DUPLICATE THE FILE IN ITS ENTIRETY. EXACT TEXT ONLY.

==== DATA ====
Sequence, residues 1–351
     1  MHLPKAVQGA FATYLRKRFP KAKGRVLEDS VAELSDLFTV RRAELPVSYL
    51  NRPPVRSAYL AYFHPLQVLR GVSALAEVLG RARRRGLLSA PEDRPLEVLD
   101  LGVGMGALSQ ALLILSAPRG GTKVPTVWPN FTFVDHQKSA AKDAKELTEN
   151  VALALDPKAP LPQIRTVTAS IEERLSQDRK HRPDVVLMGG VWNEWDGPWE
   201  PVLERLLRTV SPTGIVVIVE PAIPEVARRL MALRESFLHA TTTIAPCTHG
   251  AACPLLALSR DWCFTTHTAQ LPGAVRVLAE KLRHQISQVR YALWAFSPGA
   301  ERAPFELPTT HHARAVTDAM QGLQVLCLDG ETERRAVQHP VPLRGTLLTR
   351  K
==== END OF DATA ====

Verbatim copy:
Sequence, residues 1–351
     1  MHLPKAVQGA FATYLRKRFP KAKGRVLEDS VAELSDLFTV RRAELPVSYL
    51  NRPPVRSAYL AYFHPLQVLR GVSALAEVLG RARRRGLLSA PEDRPLEVLD
   101  LGVGMGALSQ ALLILSAPRG GTKVPTVWPN FTFVDHQKSA AKDAKELTEN
   151  VALALDPKAP LPQIRTVTAS IEERLSQDRK HRPDVVLMGG VWNEWDGPWE
   201  PVLERLLRTV SPTGIVVIVE PAIPEVARRL MALRESFLHA TTTIAPCTHG
   251  AACPLLALSR DWCFTTHTAQ LPGAVRVLAE KLRHQISQVR YALWAFSPGA
   301  ERAPFELPTT HHARAVTDAM QGLQVLCLDG ETERRAVQHP VPLRGTLLTR
   351  K